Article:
4. No growth systems in place:
Nothing is more frustrating for a career person than stagnancy. Many start-ups begin without clear-cut roles and you may sometimes find yourself managing multiple roles at a time. That’s not entirely a problem. It’s one of the advantages that start-ups bring; allowing you to have a feel of all the departments before deciding on what role suits you. However, when there are no progressive growth opportunities [after a period of time for startups], something isn’t right. Here is a litmus test. Have you approached management or HR several times regarding a lack of recognition and growth opportunities (such as promotions, raises, and challenging assignments), and have seen no changes? If you said yes, it may be time to leave.
5. You’re told to feel “Lucky You Have A Job”:
If you’ve ever heard this statement from your boss, it’s a major red flag. Your boss feels like they’re doing you a favour which isn’t the case. It’s a trade; value and time for a salary. Without you, his/her business will crumble because no entrepreneur or company can run his/her organization without help. It’s impossible. This scare tactic is a means of threatening you into staying in a marginalized position and is symptomatic of an organization that thrives on bullying behaviour and control. You’re not lucky to have a job. You have value to deliver. They’re lucky to have you as much as you’re lucky to have them. It’s a mutually beneficial relationship.
6. Dysfunction is normalized:
Do meetings feel like a waste of time, inevitably devolving into disorganized chaos where nothing gets accomplished? How disjointed and inefficient are the company’s operations? Toxic workplaces are full of confusion, arbitrary deadlines, lack of focus, and a general malaise that “this is the way it’s always been done.” Colleagues forming gossip cliques is also another form of dysfunction. The experience of working in a clique-dominated office can feel like going back to high school where you feel a sense of anxiety and paranoia that your colleagues are discussing you behind your back. They turn what should be a friendly workplace competition into a hostile, dog-eat-dog situation. Rumours and gossip are always circulating around the office; misunderstandings, favouritism, and infighting are commonplace. It’s not normal, this is toxicity.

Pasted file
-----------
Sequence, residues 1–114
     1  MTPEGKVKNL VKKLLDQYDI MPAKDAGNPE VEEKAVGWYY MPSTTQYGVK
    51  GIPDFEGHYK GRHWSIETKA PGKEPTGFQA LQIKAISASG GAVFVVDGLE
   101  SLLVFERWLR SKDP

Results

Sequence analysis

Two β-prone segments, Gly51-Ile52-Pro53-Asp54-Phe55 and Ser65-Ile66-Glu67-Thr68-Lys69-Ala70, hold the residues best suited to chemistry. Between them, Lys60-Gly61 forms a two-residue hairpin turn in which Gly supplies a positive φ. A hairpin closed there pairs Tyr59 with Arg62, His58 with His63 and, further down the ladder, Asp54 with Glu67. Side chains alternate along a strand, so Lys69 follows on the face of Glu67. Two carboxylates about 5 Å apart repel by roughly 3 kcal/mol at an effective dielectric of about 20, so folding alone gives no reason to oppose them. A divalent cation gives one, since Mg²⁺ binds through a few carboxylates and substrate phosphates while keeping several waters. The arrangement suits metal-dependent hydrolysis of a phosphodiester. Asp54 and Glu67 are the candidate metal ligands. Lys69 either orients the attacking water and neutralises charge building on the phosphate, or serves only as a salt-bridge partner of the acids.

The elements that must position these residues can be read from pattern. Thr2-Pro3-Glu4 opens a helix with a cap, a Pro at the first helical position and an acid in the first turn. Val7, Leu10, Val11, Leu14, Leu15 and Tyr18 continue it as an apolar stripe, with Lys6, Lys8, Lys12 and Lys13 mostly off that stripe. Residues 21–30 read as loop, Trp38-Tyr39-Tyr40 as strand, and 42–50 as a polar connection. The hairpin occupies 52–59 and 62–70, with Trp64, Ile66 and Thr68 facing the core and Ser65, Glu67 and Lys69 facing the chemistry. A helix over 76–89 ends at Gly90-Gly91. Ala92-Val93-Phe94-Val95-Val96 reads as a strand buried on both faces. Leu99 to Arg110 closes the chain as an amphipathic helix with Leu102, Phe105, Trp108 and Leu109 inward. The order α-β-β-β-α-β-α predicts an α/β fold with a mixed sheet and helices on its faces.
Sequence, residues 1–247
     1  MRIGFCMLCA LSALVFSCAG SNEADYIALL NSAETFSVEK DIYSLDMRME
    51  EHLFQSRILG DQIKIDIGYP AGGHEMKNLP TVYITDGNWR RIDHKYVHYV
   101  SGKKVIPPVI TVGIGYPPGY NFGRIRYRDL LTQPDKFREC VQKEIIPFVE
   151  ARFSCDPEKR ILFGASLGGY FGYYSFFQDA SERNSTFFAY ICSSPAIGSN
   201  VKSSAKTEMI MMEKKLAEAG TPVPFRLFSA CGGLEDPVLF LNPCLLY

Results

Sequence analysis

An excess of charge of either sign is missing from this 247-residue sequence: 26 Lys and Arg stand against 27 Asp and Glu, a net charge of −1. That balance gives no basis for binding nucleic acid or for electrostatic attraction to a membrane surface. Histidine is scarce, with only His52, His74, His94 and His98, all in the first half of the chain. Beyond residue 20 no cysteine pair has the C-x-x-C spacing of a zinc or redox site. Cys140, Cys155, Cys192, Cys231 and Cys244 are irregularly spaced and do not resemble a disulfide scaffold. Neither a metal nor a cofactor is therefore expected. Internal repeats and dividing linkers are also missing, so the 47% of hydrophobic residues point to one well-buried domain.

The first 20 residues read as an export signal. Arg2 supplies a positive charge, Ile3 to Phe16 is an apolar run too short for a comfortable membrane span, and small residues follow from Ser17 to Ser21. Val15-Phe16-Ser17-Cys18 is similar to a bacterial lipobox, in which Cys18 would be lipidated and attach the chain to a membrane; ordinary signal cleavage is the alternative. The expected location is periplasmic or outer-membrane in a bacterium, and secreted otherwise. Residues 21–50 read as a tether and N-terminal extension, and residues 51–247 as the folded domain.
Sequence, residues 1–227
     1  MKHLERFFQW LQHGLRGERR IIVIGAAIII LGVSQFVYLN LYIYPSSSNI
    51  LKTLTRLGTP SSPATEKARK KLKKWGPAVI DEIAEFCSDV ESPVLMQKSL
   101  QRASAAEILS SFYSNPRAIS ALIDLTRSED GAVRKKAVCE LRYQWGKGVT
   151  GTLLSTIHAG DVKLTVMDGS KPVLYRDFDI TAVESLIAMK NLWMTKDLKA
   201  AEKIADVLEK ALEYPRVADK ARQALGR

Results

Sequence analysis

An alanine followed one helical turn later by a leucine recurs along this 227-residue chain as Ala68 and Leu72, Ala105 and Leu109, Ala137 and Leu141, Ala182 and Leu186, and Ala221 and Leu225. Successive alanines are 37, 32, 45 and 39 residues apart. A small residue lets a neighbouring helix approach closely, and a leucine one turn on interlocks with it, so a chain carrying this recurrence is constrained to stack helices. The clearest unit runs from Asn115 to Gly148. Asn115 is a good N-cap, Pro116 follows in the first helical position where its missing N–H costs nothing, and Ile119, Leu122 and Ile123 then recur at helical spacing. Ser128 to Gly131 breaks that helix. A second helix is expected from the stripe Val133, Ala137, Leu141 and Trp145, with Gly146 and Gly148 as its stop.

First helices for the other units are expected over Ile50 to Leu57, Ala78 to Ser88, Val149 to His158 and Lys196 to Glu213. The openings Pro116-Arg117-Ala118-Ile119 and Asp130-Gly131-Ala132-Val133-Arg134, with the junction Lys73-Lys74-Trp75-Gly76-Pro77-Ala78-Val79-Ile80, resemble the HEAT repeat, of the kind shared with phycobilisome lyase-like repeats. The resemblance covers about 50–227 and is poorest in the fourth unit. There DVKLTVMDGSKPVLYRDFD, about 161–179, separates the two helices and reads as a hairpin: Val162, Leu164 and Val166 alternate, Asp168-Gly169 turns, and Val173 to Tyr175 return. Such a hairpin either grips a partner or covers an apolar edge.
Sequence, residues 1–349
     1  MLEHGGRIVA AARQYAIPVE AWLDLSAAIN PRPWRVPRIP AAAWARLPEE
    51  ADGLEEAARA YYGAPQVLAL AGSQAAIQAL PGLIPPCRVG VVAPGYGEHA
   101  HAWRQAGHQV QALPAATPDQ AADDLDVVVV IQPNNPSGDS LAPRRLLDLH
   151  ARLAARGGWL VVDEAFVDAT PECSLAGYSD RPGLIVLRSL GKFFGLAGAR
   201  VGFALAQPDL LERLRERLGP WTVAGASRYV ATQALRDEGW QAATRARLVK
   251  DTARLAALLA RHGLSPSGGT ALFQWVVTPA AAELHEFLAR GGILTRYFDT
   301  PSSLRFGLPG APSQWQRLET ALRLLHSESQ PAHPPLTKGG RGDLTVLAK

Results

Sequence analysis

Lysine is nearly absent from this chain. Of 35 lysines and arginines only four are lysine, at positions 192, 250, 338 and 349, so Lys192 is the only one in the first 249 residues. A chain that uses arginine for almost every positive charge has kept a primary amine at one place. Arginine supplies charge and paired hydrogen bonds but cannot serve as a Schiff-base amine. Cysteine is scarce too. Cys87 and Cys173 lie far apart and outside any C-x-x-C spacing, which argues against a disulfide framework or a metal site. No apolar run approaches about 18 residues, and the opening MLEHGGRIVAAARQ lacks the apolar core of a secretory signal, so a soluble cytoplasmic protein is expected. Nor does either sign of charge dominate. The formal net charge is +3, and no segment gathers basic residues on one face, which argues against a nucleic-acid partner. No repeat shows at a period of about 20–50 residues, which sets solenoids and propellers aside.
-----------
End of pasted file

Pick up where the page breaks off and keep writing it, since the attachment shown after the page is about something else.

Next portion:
7. Sexual Harassment
A situation is considered sexual harassment when an employee, supervisor, customer, coworker, and/or manager tells inappropriate jokes, talks in lewd innuendos, or touches you inappropriately. In many toxic workplaces, sexual harassment is a major occurrence. Unfortunately, when employees are on the receiving end of this harassment, it is difficult for them to open up or talk about it because of the fear of being sacked or not believed. The importance of not downplaying or ignoring incidents of sexual harassment, however, cannot be overstated. It should be reported to your human resources department and/or the appropriate authorities. You may feel ashamed or guilty and experience complicated emotions, but remember that sexual harassment is never your fault and you have a right to be in a workplace that is free of harassment.
There are many more signs that can alert you to the prevalence of a toxic workplace culture but you must learn to rely greatly on your instincts too because not everything is black and white. There are a lot of grey areas that only you can identify. If your intuition says, “DANGER!”, trust that something is off. What other signs do you suppose characterizes a toxic workplace? What are your thoughts?